Wittgenstein, Dewey, and the possibility of religion

John Dewey points out in A Common Faith (1934) that what stands in the way of religious belief for many is the apparent commitment of Western religious traditions to supernatural phenomena and questionable historical claims. We are to accept claims that in any other context we would find laughable. Are we to believe that water can be turned into wine without the benefit of the fermentation process? Are we to swallow the claim that there is such a phenomenon as the spontaneous conception of a child without the intervention of the traditional technique? Were we to confront these claims in any but a religious context, we would dismiss them as the workings of an overactive imagination or simple cover for an overactive sex life. But for the devout believer, there is no doubt even with a paucity of evidence. At the same time, the rise of science has forcibly suggested the idea that the natural world is self-contained and, if explainable, that explanation will come from within. There seems to be no room for the traditional God and, much as one might wish otherwise, nothing for him to do. Perhaps...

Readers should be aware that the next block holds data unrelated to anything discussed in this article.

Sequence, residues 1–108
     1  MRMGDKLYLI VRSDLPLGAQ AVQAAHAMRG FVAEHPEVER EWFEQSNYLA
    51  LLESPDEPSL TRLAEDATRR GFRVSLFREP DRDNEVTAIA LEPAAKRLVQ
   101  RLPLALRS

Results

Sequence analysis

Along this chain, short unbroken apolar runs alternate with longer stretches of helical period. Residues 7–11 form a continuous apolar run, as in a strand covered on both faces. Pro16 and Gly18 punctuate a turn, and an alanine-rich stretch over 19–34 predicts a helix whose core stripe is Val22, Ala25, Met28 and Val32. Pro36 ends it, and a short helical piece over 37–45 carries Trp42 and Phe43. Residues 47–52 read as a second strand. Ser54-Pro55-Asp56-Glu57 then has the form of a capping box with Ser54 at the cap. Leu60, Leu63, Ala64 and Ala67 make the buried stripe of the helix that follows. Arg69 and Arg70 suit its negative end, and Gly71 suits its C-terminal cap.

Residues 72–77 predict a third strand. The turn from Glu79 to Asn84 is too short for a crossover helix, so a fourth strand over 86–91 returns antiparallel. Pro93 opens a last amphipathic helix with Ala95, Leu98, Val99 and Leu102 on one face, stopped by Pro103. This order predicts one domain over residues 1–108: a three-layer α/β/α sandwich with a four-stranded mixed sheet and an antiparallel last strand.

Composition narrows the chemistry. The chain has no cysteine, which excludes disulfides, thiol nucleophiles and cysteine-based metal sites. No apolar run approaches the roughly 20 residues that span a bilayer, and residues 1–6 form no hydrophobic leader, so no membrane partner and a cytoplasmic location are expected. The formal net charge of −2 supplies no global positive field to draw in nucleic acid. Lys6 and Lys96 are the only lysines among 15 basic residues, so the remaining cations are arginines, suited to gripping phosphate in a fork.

Keywords Ludwig Wittgenstein  John Dewey  Philosophy of religion
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DOI 10.1353/jsp.2006.0010
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Andrew Fiala (2009). Militant Atheism, Pragmatism, and the God-Shaped Hole. International Journal for Philosophy of Religion 65 (3):139 - 151.

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